…but got bored with the work just a few years later.

If she hadn’t given animation one last chance, by joining Walt Disney’s visual development research trip to Latin America, she might never have discovered the skill set from which she derived creative fulfillment, a steady paycheck and her legendary career.

Today, in part three, I’ll share how and why I wasted a lot of time pursuing a career I never loved and three steps you can take to avoid the same mistake…


The Crucial Question That Could Save Your Art Career [Part 2]

In part one of this series, I posed a mostly rhetorical question:

Are professional artists (whether aspiring or experienced) foolish to believe that their work could be both financially sustainable and creatively fulfilling?

This page from 'They Drew As They Pleased, Vol 4' by Didier Ghez shows a collection Mary Blair's character designs for 'Sleeping Beauty'.

Then we observed a struggle between these two extremes in the early life and work of Mary Blair, a genius of color and design who became one of the most influential artists in the history of Disney animation.

…but before that, she quit.

…after just fourteen months at the studio.

…and then abruptly changed her mind.

Today we’ll learn that, after her return to Disney, Mary Blair discovered, in effect, one crucial question that led to an elevated role in which she soon found the work to be both financially sustainable and creatively fulfilling.

…a crucial question that led her transformation from versatile mimic into the marquee artist of Cinderella, Alice In Wonderland, Peter Pan and the animatronic wonder It’s A Small World.

…a crucial question that every professional artist (aspiring or experienced) would be wise to apply.


The Crucial Question That Could Save Your Art Career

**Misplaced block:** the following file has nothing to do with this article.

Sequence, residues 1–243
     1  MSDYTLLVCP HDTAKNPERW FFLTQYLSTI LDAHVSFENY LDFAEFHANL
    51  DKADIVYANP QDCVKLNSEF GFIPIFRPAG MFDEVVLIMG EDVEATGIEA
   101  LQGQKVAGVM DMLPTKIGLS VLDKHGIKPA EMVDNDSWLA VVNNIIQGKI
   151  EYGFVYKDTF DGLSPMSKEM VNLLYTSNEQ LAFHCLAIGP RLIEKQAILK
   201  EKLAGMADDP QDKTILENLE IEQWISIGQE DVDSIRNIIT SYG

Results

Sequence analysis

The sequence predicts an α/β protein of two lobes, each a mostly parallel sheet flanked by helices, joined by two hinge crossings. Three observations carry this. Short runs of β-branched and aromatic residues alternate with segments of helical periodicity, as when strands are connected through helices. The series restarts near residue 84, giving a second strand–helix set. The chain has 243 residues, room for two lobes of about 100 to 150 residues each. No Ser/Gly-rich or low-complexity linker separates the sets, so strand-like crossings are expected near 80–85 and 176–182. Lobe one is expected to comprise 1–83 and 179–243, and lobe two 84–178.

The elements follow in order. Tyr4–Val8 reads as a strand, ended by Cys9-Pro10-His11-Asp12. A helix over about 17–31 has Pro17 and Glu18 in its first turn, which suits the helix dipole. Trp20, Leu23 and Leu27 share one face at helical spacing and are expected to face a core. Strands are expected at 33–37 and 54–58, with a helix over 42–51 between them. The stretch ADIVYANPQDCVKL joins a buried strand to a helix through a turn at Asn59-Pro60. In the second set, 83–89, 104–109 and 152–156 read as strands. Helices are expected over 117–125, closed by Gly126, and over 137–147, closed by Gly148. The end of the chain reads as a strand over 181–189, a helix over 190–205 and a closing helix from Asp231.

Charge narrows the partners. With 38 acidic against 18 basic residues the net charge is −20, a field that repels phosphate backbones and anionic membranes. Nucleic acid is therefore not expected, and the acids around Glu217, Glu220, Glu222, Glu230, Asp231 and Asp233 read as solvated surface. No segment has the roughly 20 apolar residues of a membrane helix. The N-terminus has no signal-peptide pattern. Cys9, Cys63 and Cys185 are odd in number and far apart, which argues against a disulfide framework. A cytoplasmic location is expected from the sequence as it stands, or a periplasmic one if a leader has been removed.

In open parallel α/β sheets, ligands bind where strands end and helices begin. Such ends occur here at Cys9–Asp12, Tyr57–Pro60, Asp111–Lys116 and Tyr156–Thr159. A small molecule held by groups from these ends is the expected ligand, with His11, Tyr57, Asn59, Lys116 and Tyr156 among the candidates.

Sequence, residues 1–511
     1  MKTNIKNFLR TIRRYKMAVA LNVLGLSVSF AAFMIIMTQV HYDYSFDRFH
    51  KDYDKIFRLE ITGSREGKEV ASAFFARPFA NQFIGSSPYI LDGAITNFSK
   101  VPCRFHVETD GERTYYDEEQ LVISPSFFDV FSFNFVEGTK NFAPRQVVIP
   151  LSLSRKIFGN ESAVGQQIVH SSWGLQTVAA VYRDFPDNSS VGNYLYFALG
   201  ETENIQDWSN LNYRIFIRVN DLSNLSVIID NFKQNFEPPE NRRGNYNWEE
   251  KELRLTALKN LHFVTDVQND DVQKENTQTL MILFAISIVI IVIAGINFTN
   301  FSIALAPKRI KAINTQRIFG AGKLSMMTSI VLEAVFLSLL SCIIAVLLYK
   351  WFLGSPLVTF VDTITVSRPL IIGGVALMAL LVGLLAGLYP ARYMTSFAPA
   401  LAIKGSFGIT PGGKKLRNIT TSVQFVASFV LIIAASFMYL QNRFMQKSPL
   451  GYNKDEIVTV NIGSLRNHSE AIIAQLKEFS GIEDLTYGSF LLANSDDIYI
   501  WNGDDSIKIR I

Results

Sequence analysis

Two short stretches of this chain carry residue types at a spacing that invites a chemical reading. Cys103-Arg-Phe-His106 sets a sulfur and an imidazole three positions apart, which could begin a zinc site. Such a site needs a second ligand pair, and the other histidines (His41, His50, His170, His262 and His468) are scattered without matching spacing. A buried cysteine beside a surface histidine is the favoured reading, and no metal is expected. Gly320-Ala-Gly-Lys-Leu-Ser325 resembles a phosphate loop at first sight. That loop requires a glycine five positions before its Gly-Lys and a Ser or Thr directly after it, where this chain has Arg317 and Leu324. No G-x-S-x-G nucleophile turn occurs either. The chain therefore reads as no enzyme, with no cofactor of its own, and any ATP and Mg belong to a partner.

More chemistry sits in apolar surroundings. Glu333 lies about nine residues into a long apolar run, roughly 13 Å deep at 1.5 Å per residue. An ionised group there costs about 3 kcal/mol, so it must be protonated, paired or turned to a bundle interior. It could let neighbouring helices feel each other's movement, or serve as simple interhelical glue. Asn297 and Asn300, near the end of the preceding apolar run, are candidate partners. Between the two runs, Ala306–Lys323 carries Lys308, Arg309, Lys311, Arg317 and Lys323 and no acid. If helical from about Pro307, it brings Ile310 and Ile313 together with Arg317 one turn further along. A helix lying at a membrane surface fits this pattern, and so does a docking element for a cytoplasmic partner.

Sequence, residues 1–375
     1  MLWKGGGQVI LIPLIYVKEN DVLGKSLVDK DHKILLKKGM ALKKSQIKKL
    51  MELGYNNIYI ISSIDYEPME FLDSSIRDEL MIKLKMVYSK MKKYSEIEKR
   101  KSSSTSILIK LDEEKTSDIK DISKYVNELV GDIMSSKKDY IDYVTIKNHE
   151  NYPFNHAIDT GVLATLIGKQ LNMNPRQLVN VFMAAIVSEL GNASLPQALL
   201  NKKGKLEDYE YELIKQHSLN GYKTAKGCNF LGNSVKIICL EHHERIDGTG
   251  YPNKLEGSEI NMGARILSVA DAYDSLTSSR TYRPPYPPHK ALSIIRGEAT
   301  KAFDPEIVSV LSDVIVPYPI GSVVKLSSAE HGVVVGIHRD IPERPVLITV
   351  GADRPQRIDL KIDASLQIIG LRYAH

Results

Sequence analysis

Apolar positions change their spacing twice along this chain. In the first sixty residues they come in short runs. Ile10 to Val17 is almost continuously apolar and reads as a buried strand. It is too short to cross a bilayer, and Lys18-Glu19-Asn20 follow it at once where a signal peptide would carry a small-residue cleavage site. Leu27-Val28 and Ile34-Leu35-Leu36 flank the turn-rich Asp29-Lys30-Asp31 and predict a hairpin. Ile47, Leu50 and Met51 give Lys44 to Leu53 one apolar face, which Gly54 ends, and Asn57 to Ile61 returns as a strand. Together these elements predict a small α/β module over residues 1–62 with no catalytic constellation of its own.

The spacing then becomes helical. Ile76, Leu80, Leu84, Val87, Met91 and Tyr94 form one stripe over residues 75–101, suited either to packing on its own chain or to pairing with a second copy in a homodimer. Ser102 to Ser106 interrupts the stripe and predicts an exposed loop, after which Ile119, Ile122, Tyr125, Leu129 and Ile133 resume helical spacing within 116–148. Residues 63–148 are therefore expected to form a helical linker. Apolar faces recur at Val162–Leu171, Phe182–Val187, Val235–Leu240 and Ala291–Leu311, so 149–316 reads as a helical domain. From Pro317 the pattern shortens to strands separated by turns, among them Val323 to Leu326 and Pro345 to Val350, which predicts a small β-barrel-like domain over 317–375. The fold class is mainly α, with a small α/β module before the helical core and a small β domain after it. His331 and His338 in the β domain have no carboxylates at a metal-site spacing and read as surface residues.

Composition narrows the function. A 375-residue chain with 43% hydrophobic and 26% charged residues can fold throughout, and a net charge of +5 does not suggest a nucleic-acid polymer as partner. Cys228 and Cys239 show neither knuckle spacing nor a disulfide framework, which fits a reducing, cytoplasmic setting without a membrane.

To pursue a career as a professional artist is to expect a lot from your job.

…more, it seems, than most people expect from their own.

Professional artists and those who aspire to the same status expect the work to be both financially sustainable and creatively fulfilling.

A watercolor self-portrait by Mary Blair featured in Mindy Johnson’s book ‘Tinker Bell: An Evolution’.

Some people seem satisfied, simply, to find a day job they don’t hate and compensate for any lack of creativity with hobbies.

…and others view their vocation as a tolerable compromise that buys time for the art they place at the center of their lives.

Regardless of which takes priority, it often seems that we have to choose: Art or a steady paycheck.

But why would it have to be one or the other?

Why couldn’t our work be both financially sustainable and creatively fulfilling?

Why couldn’t our work be both financially sustainable and creatively fulfilling?

Are we asking too much?

Is it even realistic to imagine?

In this first lesson of a course titled You’re A Better Artist Than You Think, we’ll introduce a crucial question that could save your art career (even if you don’t have one yet) and rethink a common belief that often prevents artists from becoming professionals.

But, as with every lesson throughout the course, we’ll begin by looking to history for answers. (History always has answers.)

This photo featured in John Canemaker's book 'The Art And Flair Of Mary Blair' shows Mary Blair's illustration of two giraffes from 'It's A Small World.'

Today we’ll hear the “origin story” of Mary Blair, a mid-century Disney artist whose “renown in the company,” writes historian Nathalia Holt, “was second only to Walt’s.”

In her life and work (which is on display throughout this post) we’ll find a more vivid picture of what it means to make a living from one’s creative passion, what often blocks many of us from a similar experience and how this fundamental shift in the way we think about the art vs. money conundrum can affect the quality of our work, whether we find it fulfilling, our sense of self, of belonging, of motivation and inspiration.

Click through to continue part one…